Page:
Large Install Image
31 March 2021 (New Orleans, LA) JONATHAN FERRARA GALLERY is proud to announce, Be Kind to Yourself, a solo exhibition of new figurative paintings by New Orleans-based artist Ruth Owens. In this exhibition, Ruth Owens explores the relationship between outdoor spaces and people of color, who have historically been excluded from such spaces. Be Kind to Yourself firmly places black and brown bodies against a backdrop of the natural environment. In doing so, Ruth Owens reclaims the healing and restorative possibility of the outdoors for people of color and expands the narrative around racial identity and its relationship to the natural world.
The exhibition will be on view from 1 April 2021 through 29 May 2021 with opening receptions coinciding with the Arts District of New Orleans’ (ADNO) First Saturday Gallery Openings on Saturday, 3 April and Saturday, 1 May from 12 pm - 7 pm. For more information, press or sales inquiries please contact Gallery Director Matthew Weldon Showman at 504.343.6827 or email@example.com. Please join the conversation with JFG on Facebook (@JonathanFerraraGallery), Twitter (@JFerraraGallery), and Instagram (@JonathanFerraraGallery) via the hashtags: #RuthOwens, #JonathanFerraraGallery, and #ArtsDistrictNewOrleans.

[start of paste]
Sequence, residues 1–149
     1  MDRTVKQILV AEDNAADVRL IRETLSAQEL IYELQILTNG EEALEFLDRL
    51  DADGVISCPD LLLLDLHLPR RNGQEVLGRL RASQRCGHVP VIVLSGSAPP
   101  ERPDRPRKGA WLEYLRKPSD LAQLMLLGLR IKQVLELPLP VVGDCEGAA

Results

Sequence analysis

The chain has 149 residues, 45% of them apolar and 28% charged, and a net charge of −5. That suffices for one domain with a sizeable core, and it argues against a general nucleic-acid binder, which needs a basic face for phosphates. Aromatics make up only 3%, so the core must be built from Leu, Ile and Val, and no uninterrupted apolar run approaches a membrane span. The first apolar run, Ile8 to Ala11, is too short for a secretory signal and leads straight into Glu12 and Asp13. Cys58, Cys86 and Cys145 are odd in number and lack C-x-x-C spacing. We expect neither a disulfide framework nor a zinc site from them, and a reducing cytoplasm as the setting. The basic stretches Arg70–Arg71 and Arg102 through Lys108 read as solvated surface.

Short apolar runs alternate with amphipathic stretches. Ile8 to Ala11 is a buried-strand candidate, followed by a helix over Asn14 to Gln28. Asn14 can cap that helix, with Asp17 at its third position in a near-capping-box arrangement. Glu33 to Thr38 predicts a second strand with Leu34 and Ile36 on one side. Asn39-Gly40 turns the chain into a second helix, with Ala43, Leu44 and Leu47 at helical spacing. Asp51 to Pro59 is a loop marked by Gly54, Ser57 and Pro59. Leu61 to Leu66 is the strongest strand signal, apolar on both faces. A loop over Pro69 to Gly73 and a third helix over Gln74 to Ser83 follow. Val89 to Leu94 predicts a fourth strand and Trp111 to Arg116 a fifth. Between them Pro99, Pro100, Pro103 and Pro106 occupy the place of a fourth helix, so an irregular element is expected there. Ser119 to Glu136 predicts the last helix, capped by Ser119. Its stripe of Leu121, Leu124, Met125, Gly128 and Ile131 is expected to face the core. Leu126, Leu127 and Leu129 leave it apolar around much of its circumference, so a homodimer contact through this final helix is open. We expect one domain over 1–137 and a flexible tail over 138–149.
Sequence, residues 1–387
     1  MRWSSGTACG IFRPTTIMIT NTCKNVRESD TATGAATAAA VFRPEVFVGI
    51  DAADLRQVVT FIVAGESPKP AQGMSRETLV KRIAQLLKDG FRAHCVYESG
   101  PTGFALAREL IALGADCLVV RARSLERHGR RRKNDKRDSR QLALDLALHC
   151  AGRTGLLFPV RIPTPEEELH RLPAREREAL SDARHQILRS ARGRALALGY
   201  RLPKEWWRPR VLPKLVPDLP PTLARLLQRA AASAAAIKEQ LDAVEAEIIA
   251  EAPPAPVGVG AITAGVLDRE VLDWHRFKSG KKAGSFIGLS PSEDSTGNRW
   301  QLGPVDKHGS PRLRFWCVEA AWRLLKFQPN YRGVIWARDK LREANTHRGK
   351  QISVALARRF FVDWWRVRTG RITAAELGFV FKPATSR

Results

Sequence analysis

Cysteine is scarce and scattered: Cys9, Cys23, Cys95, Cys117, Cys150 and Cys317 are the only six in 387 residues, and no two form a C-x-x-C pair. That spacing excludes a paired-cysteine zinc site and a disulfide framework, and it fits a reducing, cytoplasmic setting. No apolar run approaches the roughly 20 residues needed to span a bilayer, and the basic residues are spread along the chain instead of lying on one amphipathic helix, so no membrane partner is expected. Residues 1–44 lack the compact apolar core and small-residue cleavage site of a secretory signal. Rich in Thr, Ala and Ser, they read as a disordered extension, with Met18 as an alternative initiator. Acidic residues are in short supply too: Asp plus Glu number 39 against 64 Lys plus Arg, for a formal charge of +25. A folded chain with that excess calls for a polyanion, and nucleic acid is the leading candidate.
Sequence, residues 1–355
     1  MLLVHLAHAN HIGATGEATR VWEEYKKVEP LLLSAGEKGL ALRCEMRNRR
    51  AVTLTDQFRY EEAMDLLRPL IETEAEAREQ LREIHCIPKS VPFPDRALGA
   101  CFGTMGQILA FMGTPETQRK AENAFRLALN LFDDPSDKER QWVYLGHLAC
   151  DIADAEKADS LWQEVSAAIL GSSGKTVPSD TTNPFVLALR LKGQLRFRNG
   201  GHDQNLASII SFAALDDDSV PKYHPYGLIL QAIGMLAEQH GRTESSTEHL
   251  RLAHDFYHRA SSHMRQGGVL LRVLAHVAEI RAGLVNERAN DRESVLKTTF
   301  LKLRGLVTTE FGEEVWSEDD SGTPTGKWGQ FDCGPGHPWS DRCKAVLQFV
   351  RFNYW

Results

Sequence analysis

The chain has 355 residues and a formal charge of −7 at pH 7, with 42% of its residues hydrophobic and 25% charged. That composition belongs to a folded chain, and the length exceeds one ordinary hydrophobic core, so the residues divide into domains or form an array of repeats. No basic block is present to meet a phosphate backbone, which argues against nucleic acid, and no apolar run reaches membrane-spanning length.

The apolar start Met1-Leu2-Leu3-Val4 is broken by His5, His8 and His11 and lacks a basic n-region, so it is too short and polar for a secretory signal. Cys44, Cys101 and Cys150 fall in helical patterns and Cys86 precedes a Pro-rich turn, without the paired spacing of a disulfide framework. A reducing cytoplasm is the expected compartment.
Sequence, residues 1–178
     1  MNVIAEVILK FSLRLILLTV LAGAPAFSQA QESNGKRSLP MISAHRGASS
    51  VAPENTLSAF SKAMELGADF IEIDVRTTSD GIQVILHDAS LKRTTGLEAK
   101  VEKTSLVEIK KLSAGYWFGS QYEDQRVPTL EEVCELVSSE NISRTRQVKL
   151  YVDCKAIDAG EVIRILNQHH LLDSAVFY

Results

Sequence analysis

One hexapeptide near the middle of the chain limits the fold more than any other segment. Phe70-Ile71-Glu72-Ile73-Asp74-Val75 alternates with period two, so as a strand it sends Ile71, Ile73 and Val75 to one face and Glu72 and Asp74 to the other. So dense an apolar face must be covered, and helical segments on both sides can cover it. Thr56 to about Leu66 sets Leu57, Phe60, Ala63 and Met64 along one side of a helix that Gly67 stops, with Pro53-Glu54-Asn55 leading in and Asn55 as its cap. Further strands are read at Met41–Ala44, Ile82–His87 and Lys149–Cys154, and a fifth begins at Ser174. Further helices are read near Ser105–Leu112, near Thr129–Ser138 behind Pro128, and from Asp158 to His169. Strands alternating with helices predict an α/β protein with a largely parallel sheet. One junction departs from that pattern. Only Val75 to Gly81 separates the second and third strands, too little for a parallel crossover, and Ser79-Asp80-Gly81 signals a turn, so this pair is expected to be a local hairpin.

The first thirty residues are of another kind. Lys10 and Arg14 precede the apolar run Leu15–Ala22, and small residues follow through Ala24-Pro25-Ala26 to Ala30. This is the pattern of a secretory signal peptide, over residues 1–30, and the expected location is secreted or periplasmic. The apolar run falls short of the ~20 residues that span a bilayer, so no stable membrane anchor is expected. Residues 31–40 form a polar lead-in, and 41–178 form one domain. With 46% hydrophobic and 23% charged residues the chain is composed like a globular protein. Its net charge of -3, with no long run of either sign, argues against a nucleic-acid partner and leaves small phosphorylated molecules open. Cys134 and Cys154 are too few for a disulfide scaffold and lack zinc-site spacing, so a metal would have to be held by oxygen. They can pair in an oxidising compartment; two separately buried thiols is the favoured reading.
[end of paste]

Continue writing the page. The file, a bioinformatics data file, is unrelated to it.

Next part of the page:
RUTH OWENS is a figurative painter and video artist whose work mines the intersection of honoring the Black archive and expanding the narrative around personal identity. She was born in 1959 to a young German woman and a Black serviceman from Georgia. The nomadic military lifestyle of her childhood was complicated by restrictions to mixed families in many communities and laid the basis for the formation of her cultural identity. Much of the imagery in Owens’ paintings and videos is culled from her family’s super-8 film archive from the 1960s and 1970s. Centering this archival trove is an intimate, gestural, and cinematic means to repair the overlooked history of families of color.
Putting forth the concept that identity is fluid and open, her subjects cross boundaries that hold in fixed and static constructs. Revealing the complexity, nuances, and psychology of individual people of color, she resists essential or stereotypical limits. The “Be Kind to Yourself” exhibition celebrates the care and healing offered by the natural environment and serves as an encouraging statement to embrace the spiritual and psychological nurturing available out-of-doors. Granted that the outdoor space represents a site of historical and contemporary ambivalence for Black bodies, it is time to brave opportunities to quietly walk out and listen to what the trees and rivers have to teach us.